Yes, we get plenty of rain in Brookings, Oregon. After all, we’re on the beautiful Oregon Coast and without rain, we wouldn’t have so many gorgeous flowers and trees and free-flowing rivers.
But you might be surprised to learn that Brookings is known as the “Banana Belt” of the Oregon Coast. On a rare (and somewhat exciting) winter day, we may get snow flurries, but it’s also possible to have 70-degree days in January and February.
Year-round the weather doesn’t fluctuate much. Yes, we once had a high of 108F (July 9, 2008), and a low of 18F (December 8, 1972), but those are extremes and typically summer temperatures range from 52F to 67F and winter from 42F to 55F.
Sperling’s, the notable publisher of community information, ranks Brookings 7.5 on a scale of 1-10, which is more comfortable than most places in Oregon and many places across the country.
How much rain?
So, back to the rain. One year might be more or less wet than another, but Sperling’s says a typical year will leave Brookings with 84 inches (the U.S. average is 38 inches). The record single day of rainfall was October 14, 2016, when Mother Nature poured 17 inches on Brookings, but sometimes we might have just a few showers every day for a week. And, oh my, how fresh and wonderful our beaches and forests are in between!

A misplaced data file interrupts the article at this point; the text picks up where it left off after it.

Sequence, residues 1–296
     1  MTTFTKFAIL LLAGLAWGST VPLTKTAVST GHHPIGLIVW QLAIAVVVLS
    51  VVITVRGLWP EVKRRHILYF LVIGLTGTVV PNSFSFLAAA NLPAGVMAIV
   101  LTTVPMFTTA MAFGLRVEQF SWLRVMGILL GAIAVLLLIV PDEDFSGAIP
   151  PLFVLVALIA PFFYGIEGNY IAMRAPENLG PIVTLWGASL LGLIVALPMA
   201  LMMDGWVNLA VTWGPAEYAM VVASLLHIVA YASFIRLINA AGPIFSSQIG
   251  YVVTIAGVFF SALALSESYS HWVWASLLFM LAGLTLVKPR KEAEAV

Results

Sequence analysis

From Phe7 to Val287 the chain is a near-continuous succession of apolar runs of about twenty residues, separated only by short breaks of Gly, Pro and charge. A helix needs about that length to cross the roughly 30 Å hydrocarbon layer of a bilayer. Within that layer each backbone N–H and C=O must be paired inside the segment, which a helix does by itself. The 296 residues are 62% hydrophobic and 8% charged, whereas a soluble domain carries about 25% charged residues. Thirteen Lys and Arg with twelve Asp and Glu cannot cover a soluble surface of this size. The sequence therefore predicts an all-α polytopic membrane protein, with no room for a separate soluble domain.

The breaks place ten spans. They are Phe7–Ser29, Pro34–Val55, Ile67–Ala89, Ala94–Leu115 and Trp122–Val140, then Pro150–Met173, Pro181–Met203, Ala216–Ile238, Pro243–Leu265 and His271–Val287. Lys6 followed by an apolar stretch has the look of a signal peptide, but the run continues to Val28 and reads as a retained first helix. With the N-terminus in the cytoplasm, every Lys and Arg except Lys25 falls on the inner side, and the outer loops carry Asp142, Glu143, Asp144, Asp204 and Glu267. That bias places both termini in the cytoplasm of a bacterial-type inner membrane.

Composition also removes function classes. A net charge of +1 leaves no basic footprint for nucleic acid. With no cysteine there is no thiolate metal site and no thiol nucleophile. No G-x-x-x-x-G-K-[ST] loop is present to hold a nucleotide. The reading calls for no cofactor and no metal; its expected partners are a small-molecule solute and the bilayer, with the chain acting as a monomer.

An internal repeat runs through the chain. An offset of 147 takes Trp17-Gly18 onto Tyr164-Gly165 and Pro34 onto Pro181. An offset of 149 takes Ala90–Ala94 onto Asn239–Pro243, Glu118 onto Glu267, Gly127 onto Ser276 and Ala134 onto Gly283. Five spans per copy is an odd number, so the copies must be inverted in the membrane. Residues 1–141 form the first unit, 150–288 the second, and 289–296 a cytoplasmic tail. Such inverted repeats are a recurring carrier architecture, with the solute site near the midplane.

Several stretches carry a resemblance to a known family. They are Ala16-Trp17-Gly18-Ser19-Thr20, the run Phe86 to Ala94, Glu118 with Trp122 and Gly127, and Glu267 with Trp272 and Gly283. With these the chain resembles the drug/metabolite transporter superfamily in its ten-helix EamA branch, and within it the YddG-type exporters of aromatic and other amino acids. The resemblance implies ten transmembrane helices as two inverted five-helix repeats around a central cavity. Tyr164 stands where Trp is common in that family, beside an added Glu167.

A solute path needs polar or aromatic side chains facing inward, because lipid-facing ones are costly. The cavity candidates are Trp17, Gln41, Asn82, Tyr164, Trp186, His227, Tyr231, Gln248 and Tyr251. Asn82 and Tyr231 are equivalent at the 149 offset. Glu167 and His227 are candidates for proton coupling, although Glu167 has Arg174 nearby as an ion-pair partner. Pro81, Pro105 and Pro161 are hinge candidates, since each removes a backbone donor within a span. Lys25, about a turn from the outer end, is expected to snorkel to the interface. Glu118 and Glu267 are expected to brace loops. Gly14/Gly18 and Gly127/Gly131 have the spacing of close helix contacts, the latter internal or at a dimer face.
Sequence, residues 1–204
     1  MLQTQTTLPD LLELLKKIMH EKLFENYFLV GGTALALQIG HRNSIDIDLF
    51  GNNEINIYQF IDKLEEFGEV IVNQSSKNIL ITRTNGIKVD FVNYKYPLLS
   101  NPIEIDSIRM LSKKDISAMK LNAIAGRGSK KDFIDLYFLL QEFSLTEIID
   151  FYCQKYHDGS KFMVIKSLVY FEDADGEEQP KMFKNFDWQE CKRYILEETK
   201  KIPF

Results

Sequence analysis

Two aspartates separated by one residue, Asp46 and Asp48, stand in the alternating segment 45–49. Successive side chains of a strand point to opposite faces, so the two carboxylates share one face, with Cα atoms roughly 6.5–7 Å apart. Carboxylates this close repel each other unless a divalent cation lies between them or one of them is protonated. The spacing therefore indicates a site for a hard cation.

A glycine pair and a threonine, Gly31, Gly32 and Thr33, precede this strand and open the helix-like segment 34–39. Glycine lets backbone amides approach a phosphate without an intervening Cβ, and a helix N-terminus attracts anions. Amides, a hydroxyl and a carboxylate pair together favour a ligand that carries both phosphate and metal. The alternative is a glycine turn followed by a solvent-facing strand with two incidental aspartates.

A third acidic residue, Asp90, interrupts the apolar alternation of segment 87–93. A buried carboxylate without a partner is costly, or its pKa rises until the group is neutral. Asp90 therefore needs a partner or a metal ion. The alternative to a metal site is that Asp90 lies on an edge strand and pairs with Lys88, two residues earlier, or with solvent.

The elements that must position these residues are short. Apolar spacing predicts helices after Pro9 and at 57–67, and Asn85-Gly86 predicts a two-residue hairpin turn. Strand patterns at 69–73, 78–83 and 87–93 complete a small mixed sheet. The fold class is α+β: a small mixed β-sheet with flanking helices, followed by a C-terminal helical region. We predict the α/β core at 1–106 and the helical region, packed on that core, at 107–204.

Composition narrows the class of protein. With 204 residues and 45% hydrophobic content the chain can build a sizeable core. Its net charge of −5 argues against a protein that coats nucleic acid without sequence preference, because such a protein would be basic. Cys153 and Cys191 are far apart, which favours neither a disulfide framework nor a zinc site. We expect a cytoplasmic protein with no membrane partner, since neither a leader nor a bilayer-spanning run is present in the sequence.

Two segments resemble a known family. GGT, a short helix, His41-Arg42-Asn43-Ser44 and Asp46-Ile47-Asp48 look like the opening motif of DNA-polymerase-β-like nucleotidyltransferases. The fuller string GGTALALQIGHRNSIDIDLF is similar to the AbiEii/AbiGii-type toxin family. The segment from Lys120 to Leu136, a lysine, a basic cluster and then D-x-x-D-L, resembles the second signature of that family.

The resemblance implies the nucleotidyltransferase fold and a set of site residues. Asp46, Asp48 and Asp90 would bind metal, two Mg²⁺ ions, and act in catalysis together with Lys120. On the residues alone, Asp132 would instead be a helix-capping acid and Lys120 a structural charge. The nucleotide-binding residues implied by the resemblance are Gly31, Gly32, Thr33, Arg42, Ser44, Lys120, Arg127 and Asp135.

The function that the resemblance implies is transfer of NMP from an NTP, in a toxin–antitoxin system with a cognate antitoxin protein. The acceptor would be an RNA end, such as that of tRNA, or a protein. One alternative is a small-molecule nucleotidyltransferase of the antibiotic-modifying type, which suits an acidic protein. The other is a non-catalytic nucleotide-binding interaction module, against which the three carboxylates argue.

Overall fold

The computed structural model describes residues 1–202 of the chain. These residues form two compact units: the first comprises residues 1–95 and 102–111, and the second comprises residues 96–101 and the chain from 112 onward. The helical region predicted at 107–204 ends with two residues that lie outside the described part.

191 days of sunshine per year
In spite of the rain, and the marine layer (aka “fog”), we get plenty of sunshine in Brookings. According to Sperling’s, we average 191 days of sunshine per year. And even when the marine layer sets in (as it can during the summer), heading inland to find sunshine up one of our beautiful rivers is a great way to enjoy the day.
The ‘Chetco effect’
And some of those sunny days and unseasonably warm weather are due to a peculiar wind that impacts Brookings. Climatologists call it a “Katabatic wind,” but locally it is called the “Chetco effect” (after the local river). The wind is similar to the Santa Ana winds of Southern California in that it increases temperature and reduces relative humidity.
Locally called the “Chetco Effect,” (also known as ‘Brookings Effect), it’s these special winds that set Brookings’ climate apart from other areas along the north coast of California and the southern coast of Oregon, giving it the “Banana Belt” reputation.
All in all, the weather on the Southern Oregon Coast is remarkably pleasant most of the time, with most people thinking that the few long, rainy spells are more than offset by the moderate temperatures.